A 'social distancing' badge has been created to help identify and protect vulnerable people who have been shielding for months from coronavirus.
The simple pin badge, featuring a shield in a white circle, is intended as a "polite prompt" to others to maintain a respectful distance, as lockdown restrictions continue to ease.
The shielding group, thought to be around 130,000 people in Wales, are those at higher risk from the effects of coronavirus because they have a specific health condition.
They have now been advised that they can stop shielding from 16 August as long as the virus remains under control - but while many have welcomed the news, others remain concerned about their safety.
Medic Helen Iliff, who herself has been shielding at home since March, came up with the concept of a visual symbol to help those emerging from shielding.
The anaesthetics trainee, who works at Prince Charles Hospital in Merthyr Tydfil, floated the idea online and the response was "overwhelmingly positive."
Helen's design includes a shield to signify protection, while blue chevrons around the edge symbolise the NHS and the continued need to be alert.
The shield is available in a range of other colours to ensure maximum inclusivity and the symbol can be used on lanyards, stickers and other items.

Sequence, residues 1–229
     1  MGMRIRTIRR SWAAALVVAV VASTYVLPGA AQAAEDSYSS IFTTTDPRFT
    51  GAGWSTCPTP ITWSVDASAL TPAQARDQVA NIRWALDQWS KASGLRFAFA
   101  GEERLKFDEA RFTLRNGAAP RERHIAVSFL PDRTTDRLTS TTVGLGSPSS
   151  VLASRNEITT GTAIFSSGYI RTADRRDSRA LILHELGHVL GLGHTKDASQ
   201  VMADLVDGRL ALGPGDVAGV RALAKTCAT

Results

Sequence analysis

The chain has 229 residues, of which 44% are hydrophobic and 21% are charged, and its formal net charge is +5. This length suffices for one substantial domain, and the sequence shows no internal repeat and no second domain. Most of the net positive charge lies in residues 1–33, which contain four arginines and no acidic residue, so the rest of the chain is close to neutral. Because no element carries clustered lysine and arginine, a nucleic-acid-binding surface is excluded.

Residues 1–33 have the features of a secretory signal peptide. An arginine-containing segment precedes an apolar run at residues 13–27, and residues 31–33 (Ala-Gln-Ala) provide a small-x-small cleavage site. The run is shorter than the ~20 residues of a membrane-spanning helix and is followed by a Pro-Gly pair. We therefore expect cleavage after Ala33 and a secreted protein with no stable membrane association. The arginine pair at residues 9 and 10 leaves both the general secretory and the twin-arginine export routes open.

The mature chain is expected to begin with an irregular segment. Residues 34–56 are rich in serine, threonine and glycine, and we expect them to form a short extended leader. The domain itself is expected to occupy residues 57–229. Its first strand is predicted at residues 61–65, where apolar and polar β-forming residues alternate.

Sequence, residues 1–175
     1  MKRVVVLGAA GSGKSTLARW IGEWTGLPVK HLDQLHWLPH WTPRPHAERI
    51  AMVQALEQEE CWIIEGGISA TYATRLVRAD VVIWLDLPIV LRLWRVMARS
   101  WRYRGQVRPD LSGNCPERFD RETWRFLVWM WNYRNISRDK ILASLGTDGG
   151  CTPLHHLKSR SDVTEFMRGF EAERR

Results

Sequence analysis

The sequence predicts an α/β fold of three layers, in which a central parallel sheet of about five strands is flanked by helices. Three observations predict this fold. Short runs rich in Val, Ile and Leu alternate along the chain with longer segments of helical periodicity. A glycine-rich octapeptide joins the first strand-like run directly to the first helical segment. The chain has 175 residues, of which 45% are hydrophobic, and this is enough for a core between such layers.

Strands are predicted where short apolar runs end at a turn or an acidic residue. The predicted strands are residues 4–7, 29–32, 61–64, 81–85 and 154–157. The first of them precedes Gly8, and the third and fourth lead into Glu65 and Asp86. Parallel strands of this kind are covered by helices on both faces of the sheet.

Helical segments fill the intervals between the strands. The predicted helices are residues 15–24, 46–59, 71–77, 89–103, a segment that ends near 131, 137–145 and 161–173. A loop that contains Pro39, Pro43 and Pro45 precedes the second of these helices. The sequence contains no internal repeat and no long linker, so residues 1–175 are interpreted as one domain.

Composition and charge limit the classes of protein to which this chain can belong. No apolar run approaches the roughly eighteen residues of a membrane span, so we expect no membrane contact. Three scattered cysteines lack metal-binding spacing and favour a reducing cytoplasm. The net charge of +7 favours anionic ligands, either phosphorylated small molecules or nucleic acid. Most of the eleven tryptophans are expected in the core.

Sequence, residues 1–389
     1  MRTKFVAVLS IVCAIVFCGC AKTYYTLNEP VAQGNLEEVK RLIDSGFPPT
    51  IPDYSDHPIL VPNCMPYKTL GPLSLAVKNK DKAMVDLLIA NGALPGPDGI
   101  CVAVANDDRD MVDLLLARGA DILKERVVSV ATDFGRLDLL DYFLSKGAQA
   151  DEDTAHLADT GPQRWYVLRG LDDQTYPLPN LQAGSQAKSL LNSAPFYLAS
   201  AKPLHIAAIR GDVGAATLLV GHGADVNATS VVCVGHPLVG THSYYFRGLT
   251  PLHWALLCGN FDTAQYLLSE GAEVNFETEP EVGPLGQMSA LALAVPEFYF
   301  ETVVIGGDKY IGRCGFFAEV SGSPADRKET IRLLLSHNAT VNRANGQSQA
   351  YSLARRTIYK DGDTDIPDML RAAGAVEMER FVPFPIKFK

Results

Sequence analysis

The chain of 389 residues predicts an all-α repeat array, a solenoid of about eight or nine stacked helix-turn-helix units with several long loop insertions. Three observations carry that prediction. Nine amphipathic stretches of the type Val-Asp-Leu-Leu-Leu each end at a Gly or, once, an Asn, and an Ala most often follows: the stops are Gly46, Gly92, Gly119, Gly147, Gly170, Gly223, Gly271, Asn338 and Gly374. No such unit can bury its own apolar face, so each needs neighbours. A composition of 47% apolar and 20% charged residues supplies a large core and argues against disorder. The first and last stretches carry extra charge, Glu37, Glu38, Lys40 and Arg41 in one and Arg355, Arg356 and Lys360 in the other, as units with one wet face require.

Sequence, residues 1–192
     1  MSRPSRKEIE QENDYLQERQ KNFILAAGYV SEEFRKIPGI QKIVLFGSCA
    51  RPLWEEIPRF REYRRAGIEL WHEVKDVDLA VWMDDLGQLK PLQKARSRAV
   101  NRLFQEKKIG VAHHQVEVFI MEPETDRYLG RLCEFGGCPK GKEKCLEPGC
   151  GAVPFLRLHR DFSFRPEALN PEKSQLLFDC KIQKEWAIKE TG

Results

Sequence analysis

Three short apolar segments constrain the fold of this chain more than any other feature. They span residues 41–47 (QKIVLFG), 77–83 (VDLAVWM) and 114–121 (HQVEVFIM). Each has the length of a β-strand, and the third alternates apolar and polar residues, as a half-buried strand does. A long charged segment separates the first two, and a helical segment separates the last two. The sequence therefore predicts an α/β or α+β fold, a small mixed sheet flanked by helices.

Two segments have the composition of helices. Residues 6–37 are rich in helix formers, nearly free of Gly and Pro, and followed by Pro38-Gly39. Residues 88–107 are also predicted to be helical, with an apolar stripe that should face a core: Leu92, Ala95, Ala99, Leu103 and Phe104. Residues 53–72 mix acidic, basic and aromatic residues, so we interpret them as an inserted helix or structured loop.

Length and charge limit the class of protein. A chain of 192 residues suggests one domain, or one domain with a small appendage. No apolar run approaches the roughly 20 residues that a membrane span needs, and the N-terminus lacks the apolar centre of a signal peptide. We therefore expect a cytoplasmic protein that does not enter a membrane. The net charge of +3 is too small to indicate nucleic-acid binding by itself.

Helen said: “Those who responded had very clear ideas, including having no text - as people would have to get too close to read it - and using bold colours.
“It needed to be visual and also a polite prompt, not a protest or demand.
"One of the really big positives was the willingness to engage from non-shielding groups, especially in hospitals and workplaces that may struggle to maintain social distancing."
Helen has been working from home since lockdown and says we all have a personal responsibility to help keep ourselves and others safe as the virus continues to circulate.
"It’s not that people aren’t willing to engage with social distancing, but we are tiring after so long in lockdown and people forget," she added.
Helen teamed up with life peer Baroness Ilora Finlay, who helped Helen take her idea from the kitchen table and become a national campaign.
Baroness Finlay said: "As people are encouraged to emerge from shielding, it is essential that there is a clear, instantly recognisable symbol to signal that social distance must be respected.
"There are children and young people at risk. There are people across all groups in society, many of whom Wales depends on for economic recovery, who look fit and well, but if they got Covid they could die.
“Social distancing is already being ignored in many places, leading to cluster outbreaks. This symbol is a universal prompt to respect social distancing, and it costs almost nothing. Without it, lives will be lost."
Around 130,000 badges will be distributed across health boards in Wales, and it's hoped they will soon be available in supermarkets and other shops.